AMD’s mission to add market share in the super-hot datacenter server processor market has taken its Epyc chip into the biggest datacenter of them all, Amazon Web Services, dominant leader in the public cloud services industry. Today at AMD’s Next Horizon conference in San Francisco, AMD and AWS announced the availability of the first AMD Epyc processor-based instances on Amazon Elastic Compute Cloud (EC2).
AMD said the new instances are available as variants of Amazon EC2’s memory optimized and general-purpose instance families. AMD-based R5 and M5 instances can be launched via the AWS Management Console or AWS Command Line Interface and are available today in the US East (Ohio, N. Virginia), US West (Oregon), Europe (Ireland) and Asia Pacific regions; availability elsewhere will follow soon.
AMD-based T3 instances will be available in the coming weeks. AMD-based M5 and R5 instances are available in six sizes with up to 96 vCPUs, up to 768 GB of memory. AMD-based T3 instances will be available in 7 sizes with up to 8 vCPUs and 32 GB of memory. The new instances can be purchased as on-demand, reserved, or spot instances on AWS, AMD said.
“The availability of multiple AMD Epyc processor-powered instances on Amazon EC2 instances marks a significant milestone in the growing adoption of our high-performance CPUs with cloud service providers,” said Forrest Norrod, senior vice president and general manager, Datacenter and Embedded Solutions Business Group, AMD. “The powerful combination of cores, memory bandwidth and I/O on AMD Epyc processors create a highly differentiated solution that can offer lower TCO for our customers and lower prices for the end-user. Working with AWS, the number one provider in cloud services, has been amazing for the AMD team and we are excited to see the new instances come online today for their customers.”
AMD, of course, has been mounting an aggressive price/performance competitive effort to grab business from Intel in the CPU server processor market. Although the latest numbers from Mercury Research put AMD’s market share at 1.3 percent, up from 0.5 percent earlier this year, the company has speculated that it expects to reach around 5 percent by the end of this year. Intel itself has said AMD could seize significant revenues in the sector; earlier this year in an interview with an Instinet industry analyst, former Intel CEO Brian Krzanich said the company’s objective is to limit AMD to between 15 and 20 percent of the server market.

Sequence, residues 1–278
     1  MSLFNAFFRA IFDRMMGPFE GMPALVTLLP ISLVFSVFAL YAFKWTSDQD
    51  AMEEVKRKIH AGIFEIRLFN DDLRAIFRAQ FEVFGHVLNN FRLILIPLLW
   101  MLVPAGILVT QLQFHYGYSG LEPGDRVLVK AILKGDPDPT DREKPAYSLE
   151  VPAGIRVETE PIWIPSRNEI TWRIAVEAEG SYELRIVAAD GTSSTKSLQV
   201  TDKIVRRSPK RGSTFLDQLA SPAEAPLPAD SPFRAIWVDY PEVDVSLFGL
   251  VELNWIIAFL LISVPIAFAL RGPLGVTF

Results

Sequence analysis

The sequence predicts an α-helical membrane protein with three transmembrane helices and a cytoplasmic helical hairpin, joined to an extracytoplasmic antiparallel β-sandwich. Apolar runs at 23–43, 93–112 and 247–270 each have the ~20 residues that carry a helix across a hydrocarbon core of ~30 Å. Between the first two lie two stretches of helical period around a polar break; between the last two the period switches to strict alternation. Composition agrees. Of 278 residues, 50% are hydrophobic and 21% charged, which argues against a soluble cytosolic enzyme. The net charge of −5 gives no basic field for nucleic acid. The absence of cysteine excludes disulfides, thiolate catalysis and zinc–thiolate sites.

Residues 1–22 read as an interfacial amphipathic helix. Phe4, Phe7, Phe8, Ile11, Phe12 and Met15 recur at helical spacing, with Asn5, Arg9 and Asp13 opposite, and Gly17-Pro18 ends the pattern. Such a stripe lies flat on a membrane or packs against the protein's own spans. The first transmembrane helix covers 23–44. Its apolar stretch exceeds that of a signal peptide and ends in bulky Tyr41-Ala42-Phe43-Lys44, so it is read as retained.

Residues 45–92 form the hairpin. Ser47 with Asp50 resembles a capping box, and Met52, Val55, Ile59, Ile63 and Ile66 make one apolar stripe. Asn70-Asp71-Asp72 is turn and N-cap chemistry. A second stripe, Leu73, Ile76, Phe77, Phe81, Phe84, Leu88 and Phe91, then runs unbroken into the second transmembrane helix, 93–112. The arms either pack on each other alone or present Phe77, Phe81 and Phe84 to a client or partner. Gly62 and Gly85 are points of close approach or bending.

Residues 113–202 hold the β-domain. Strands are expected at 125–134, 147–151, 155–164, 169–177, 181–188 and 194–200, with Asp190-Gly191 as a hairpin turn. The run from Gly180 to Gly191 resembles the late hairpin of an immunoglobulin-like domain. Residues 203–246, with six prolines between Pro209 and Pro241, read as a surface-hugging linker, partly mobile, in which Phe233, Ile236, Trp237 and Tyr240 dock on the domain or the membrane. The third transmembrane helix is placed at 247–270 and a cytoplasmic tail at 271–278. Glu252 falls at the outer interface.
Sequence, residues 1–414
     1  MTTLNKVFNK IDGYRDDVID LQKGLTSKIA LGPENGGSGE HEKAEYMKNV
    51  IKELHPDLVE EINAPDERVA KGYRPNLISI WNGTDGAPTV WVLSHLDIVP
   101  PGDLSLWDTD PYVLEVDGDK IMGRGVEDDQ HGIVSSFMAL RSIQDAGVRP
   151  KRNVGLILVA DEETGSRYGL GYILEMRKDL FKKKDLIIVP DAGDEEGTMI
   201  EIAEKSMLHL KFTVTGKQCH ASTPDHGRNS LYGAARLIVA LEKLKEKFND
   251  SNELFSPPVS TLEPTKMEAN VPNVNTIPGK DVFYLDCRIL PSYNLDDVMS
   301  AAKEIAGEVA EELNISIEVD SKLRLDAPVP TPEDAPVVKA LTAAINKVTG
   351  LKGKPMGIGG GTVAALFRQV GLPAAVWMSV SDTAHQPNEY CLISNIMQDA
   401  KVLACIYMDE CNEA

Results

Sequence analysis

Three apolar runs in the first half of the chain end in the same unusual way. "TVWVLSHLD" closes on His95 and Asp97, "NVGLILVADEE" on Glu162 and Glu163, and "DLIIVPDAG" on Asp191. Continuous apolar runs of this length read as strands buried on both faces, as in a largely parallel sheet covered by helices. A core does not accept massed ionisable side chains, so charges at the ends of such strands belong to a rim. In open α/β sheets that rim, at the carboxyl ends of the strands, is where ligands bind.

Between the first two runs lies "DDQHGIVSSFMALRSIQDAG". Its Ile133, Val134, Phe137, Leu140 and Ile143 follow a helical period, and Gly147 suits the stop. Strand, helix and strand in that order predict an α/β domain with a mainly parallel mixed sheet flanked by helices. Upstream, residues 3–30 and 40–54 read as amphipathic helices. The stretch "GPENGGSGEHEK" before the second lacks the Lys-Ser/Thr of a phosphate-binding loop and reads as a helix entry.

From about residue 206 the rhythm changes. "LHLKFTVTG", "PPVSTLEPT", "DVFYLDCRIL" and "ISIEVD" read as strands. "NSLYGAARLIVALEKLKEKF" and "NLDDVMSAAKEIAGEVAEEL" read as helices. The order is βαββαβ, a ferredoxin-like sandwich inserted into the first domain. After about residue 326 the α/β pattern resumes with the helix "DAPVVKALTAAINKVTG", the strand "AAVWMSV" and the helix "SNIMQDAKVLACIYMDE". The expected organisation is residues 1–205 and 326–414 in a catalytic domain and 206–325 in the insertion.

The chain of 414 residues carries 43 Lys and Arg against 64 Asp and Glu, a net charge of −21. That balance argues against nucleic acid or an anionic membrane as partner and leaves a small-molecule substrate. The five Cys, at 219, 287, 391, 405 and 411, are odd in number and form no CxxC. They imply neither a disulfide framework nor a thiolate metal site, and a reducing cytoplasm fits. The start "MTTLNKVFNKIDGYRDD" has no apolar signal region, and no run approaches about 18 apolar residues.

Reached at the AMD conference, industry watcher Patrick Moorhead, president and principal analyst at Moor Insights & Strategy, said, “The AWS-AMD Epyc news will likely be the biggest news of the day. I don’t see this as replacing Intel at AWS, but rather AMD getting some business for the first time there. I expect Intel to keep doing the lion’s share of business there for the foreseeable future. This is huge news for AMD.”
For AMD, there’s no better cloud horse to jump on than AWS, whose public cloud services market share of above 35 percent is more than twice that of its nearest rival, Microsoft Azure. For the third quarter of this year, AWS cloud business revenues grew by 46 percent, and Amazon said it projects an annualized AWS run rate above $26 billion, compared with $18 billion for 2017. According to analyst group Synergy, quarterly cloud infrastructure service revenues were more than $17 billion.
“One thing our customers agree on is that they all like lower prices,” said Matt Garman, vice president, compute services, AWS. “Apart from adding to what is already the broadest and most capable set of compute services available in the cloud, these new AMD-based instances give customers an even lower priced way to run many of the most common applications.”
The AMD-AWS news adds to Epyc’s growing public cloud presence. Last month, AMD and Oracle announced availability on Oracle Cloud Infrastructure, following deployments on Azure, Baidu and Packet, a bare metal cloud for developers. In addition, SkySilk, a new public cloud provider that launched last month and provides Linux instances, also offers Epyc hardware.
In other AMD news today, the company announced the AMD Radeon Instinct MI60 and MI50 accelerators, which AMD said are the world’s first 7nm datacenter GPUs, designed for deep learning, HPC, cloud computing and rendering applications.
AMD said the accelerators provide ultra-fast floating-point performance and hyper-fast HBM2 (second-generation High-Bandwidth Memory) with up to 1 TB/s memory bandwidth speeds. They are also the first GPUs capable of supporting next-generation PCIe 4.02 interconnect, up to 2X faster than other x86 CPU-to-GPU interconnect technologies, and feature AMD Infinity Fabric Link GPU interconnect technology that enables GPU-to-GPU communications up to 6X faster than PCIe Gen 3 interconnect speeds, according to AMD.
A version of this article first published by HPCwire’s sister publication, EnterpriseTech,